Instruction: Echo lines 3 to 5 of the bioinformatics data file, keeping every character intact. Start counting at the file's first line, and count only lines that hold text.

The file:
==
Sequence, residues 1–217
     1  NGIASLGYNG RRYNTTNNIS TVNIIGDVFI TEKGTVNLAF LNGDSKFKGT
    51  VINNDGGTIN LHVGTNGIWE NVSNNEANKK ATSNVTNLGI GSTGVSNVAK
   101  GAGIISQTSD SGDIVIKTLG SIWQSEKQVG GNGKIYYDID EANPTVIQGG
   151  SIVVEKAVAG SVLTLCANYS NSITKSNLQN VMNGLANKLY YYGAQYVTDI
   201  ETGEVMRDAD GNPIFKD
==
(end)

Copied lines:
    51  VINNDGGTIN LHVGTNGIWE NVSNNEANKK ATSNVTNLGI GSTGVSNVAK
   101  GAGIISQTSD SGDIVIKTLG SIWQSEKQVG GNGKIYYDID EANPTVIQGG
   151  SIVVEKAVAG SVLTLCANYS NSITKSNLQN VMNGLANKLY YYGAQYVTDI